Python static analysis comparison: Bandit vs Semgrep

A deep dive tool comparison

GitLab recently announced they are transitioning a majority GitLab SAST analyzers to Semgrep! This transition begins with the phasing out Bandit and ESLint (see their epic) in the GitLab 14.0 release in June 2021. As the maintainers of Semgrep, we want to compare Bandit and Semgrep to provide context for the switch.

This post covers:

  • Security coverage: What does each tool detect?

  • Custom rules: What do custom rules look like? And, following good engineering principles, how are they tested?

  • Performance: How fast is each tool?

  • Usage in CI/CD: How can each be run continuously?

For the curious, here’s a quick summary. More details are below!

Semgrep vs Bandit summary

Security coverage

Bandit (v1.7.1) ships with 68 security checks for Python. Semgrep doesn’t ship with rules itself; it is instead an engine for scanning code. However, Semgrep has access to a community-maintained registry with over 1,000 rules for many different languages. As of this writing, the Semgrep registry has 166 security rules for Python, giving coverage similar to Bandit and a bit more. The Semgrep registry also serves groups of rules called rulesets, including two that have similar coverage to Bandit: p/bandit and p/gitlab-bandit, which is maintained by GitLab.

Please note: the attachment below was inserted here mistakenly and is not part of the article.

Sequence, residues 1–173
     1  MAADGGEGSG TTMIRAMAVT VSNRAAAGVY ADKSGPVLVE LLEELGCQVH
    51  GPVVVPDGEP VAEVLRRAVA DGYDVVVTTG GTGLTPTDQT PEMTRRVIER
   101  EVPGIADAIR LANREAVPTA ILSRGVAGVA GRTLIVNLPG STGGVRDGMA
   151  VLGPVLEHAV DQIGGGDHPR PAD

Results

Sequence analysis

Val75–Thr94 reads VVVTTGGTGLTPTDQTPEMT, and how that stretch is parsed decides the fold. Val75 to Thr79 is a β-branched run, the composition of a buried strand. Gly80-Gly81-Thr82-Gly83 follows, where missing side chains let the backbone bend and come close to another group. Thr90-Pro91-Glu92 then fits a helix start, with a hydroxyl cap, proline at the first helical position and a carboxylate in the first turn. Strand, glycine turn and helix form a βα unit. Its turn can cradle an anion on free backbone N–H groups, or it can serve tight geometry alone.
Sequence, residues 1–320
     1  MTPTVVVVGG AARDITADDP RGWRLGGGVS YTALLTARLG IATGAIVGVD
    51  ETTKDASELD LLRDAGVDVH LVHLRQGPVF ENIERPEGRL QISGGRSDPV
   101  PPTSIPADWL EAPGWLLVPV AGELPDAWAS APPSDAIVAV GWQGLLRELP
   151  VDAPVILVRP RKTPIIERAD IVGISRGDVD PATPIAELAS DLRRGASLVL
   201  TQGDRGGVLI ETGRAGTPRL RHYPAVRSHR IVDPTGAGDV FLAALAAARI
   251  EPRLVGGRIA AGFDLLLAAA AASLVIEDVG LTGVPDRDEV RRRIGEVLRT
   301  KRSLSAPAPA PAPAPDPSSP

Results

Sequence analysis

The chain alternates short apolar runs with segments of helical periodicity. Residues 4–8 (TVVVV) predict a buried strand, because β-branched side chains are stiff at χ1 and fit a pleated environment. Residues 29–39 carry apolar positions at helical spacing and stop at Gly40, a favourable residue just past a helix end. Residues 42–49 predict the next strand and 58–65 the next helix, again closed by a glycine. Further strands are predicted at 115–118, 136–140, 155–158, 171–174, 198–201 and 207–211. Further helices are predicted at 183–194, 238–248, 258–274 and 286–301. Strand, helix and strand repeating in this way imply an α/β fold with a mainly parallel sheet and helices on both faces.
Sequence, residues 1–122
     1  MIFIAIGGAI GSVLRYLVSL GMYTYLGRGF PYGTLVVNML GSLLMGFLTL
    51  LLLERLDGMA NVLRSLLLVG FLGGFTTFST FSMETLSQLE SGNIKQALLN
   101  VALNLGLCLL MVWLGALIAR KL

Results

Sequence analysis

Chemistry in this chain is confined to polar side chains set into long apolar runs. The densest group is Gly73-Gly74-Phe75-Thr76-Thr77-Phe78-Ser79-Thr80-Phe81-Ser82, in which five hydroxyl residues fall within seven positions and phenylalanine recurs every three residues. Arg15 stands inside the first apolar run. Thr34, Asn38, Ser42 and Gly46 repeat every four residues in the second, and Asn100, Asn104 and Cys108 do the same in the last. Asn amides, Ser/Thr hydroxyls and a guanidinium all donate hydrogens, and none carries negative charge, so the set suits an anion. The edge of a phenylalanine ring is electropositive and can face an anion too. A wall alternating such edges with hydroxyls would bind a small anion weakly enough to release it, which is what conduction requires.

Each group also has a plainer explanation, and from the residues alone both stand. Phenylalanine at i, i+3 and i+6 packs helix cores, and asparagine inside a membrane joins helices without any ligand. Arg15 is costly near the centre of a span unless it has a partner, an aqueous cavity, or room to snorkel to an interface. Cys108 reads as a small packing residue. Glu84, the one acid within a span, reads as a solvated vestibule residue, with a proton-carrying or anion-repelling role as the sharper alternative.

GitLab aims to match the original Bandit findings identically. Bandit and Semgrep using p/gitlab-bandit report mostly the same findings, with a small number of differences. For this comparison we used the Zulip repository and checked to see if the findings reported by Bandit and p/gitlab-bandit were the same. (For the curious, the definition of “the same” is when both the starting line number and file path match.)

semgrep-vs-bandit-on-zulip

Let’s dive into a few differences, starting with B610 - django_extra_used. Bandit finds four instances of QuerySet.extra(...) that p/gitlab-bandit does not. Here is one of these instances; also copied below.

1# https://github.com/zulip/zulip/blob/c1833b74f09b6295db4013a4215f9c01f3287af9/zerver/lib/users.py#L186
2where_clause = "upper(zerver_userprofile.email::text) IN (SELECT upper(email) FROM unnest(%s) AS email)"
3return query.select_related("realm").extra(where=[where_clause], params=(emails,))

The Semgrep rule expects there to be an objects property accessed as part of the chain. Bandit does not have this requirement, and therefore detects more instances of QuerySet.extra(...).

1[... snipped ...]
2- id: bandit.B610
3  patterns:
4  - pattern-either:
5    - pattern: $X.objects.$FUNC(...).extra(...)
6    - pattern: $X.objects.$FUNC(...).$FILTER(...).extra(...)
7    - pattern: $X.objects.$FUNC(...).$FILTER(...).$UPDATE(...).extra(...)
8[... snipped ...]

Interestingly, p/gitlab-bandit detects one instance of B610 that Bandit does not detect.

The good news is that it’s easy to extend Semgrep rules with additional definitions. See the Custom Rules section for more details, or visit the Semgrep docs.

Another example is B105 - hardcoded_password_string. Bandit detects lines such as VIDEO_ZOOM_CLIENT_SECRET = "client_secret" and BIG_BLUE_BUTTON_SECRET = "123" which p/gitlab-bandit does not detect. The rule uses metavariable-regex to detect the left-hand-side of an expression. However, the regex definition doesn’t detect the capitalized versions of “secret”, “token”, and others.